Monday, Dec. 13, 2010

One Of The Best and Busiest Musical Comedies of The Past Decade

MONTY PYTHON’S SPAMALOT trots through town again.

By Russ Bickerstaff
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Judging from recent events, Broadway’s idea of taking chances is spending ridiculously large sums of money on projects that are otherwise more or less standard musicals. And while it is unlikely that the budget of the forthcoming Spider-Man will make enough money to last for more than a couple of months, the big chances being made her are by producers—this country’s biggest contribution to the theatrical stage rarely moves into the abstract experimentation that is the lifeblood of so many art forms.

One of the best American Musicals to hit the stage in the past decade, oddly enough, was the product of a British gentleman who decided to try a new show in Chicago. Years later, Eric Idle’s  Spamalot turns out to be a huge success the brilliantly synthesizes the classic feel of a musical from the golden age of Broadway with classic bits of heavily recycled sketch comedy bits that have proven to be alarmingly enduring over the years.

Based in part on the 1975 cult classic film Monty Python and the Holy Grail, Monty Python’s Spamalot is a deft hybrid between the film and a standard musical comedy. The show rolled through town again this past weekend on its way to various other places. Having seen it again, it occurs to me that history will likely prove it to be the best musical comedy of the past decade.

The production design is directly taken from that of the film it’s based on . . . which works brilliantly with the Broadway-In-A-Box feel of traditional touring musicals. The endless references to the animation of Monty Python’s Terry Gilliam is brilliantly synthesized with the kind of flat sets that fit into a touring trailer. Gilliam’s animation style consisted of moving around flat cut-outs that would later prove to be so economical in contemporary shows like South Park. The flat animation serves as a rich background for the show, with drawings quite specifically referencing Gilliam’s unique style. The costuming for the touring production is meticulously drawn from that of the original film as well, giving one the unnerving feeling of being in audience for a live performance of a film that is over 30 years old.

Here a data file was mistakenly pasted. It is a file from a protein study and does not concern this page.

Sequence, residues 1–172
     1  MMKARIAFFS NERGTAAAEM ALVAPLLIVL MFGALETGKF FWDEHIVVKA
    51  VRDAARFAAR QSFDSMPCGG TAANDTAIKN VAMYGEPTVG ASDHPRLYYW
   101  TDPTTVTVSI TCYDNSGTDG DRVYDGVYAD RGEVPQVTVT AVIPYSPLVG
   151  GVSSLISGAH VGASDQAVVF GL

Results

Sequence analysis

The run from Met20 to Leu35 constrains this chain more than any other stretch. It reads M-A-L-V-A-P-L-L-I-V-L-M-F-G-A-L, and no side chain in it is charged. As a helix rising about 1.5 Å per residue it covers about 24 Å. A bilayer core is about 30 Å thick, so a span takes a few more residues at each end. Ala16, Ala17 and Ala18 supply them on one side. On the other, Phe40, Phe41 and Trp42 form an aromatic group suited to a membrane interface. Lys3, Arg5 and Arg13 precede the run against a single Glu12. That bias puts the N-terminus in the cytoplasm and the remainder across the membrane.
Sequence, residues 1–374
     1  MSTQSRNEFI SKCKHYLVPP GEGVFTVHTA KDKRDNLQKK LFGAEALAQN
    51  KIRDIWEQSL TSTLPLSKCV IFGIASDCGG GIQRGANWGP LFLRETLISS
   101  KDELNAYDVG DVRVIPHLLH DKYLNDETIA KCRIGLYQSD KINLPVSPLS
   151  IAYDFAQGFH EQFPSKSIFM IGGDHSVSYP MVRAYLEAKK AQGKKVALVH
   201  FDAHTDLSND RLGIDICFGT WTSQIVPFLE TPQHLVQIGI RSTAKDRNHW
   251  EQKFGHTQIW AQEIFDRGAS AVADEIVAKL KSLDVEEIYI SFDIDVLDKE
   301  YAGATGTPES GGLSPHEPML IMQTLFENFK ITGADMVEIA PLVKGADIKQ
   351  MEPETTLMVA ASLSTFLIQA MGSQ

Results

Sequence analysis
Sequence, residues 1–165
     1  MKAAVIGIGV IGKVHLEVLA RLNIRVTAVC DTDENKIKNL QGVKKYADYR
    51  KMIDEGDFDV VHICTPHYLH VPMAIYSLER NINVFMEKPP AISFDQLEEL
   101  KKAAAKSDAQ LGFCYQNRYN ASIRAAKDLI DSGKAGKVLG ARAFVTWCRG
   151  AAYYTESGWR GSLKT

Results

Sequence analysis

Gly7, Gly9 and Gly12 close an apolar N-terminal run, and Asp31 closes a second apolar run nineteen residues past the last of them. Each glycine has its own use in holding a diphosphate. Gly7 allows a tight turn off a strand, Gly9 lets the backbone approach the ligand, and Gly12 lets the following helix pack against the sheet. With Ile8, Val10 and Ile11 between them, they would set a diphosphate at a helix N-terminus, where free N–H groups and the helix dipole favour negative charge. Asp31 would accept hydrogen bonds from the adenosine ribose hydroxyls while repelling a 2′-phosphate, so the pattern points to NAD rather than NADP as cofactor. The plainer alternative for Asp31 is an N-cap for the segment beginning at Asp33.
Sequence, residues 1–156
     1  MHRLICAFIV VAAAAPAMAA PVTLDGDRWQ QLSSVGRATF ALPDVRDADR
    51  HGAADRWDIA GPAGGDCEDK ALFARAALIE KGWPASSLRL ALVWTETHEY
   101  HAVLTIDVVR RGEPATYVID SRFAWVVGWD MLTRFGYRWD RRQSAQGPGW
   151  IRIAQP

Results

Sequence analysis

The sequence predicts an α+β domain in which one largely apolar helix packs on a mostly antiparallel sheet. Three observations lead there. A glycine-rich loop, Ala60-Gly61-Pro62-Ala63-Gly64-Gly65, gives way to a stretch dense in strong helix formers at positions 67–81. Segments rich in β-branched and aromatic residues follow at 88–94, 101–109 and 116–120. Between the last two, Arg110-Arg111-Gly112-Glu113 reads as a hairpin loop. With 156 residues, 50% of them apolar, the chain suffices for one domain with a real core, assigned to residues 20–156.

Leafing through the program, the differences between film and musical become quite apparent. The ample ensemble of the touring musical largely consists of musical theatre types. This is perfectly okay and nothing to be ashamed of, as one would expect a big, expensive touring musical to be populated almost exclusively with musical theatre types. The problem here is that the original film featured the talents of those talents that had been honed almost exclusively in sketch comedy. Though many of Monty Python’s members had studied music, their focus was on the comedy. The specific delivery and intonation that made those spoken lines so endlessly quotable fall kind of flat in a stage ensemble more focussed on entertaining with the sheer force of musical brilliance. The comedy suffers in the musical. Not that this is a huge problem for many in the audience who are familiar enough with the original film that they almost seem to applaud in advance of any given punch line. The cast seems to be okay with limiting itself to going through the motions of comedy that is guaranteed to hit the audience that loves the film . . . choosing to focus instead on the music and choreography that an audience may NOT be as familiar with.

I’d been thoroughly familiar with the film before I’d ever seen it. Nearly every line of the film had been quoted to me countless times by the time I saw it. I was lip-synching to the film the first time I popped it into a VHS player somewhere in 8th grade. The humor isn’t that appealing to me anymore, but the musical is. That Idle is able to entertain someone sick to death of the film is a huge accomplishment and testament to the brilliant instincts of the most musical Python. This is a musical well worth seeing—the comedy works even if you’ve heard it a million times in spite of the fact that it’s being delivered by those who haven’t been practicing sketch comedy as much as musical theatre.

The continued success of the touring production of the musical gives one hope that Spamalot  will eventually be licensed for production by smaller, regional companies. The visuals may not be as strikingly familiar in a lower-budget local production, but Monty Python and the Holy Grail has a kind of comic immortality that has people constantly quoting it decades after it was first released. The seemingly ubiquitous popularity of the film amongst theatre students to this day shows a kind of longevity that could result in all kinds of experimentation on a regional level that wouldn’t get in a big-budget touring production. Of particular interest here would be struggling, young sketch comic talent performing the musical with the kind of deft comic instincts given to those not destined to be in musical theatre. It’d be interesting to see what the next generation of comic talent could do with a musical.

The Touring production of Monty Python’s Spamalot continues in its unending journey. Its next stops are on various stages in Louisiana and Florida. The next Midwestern stop on the tour is Mason City Iowa next month . . . The next big musical to saunter through the Milwaukee Theatre is scheduled to be Disney’s Beauty and the Beast, which runs April 15th-17th

 

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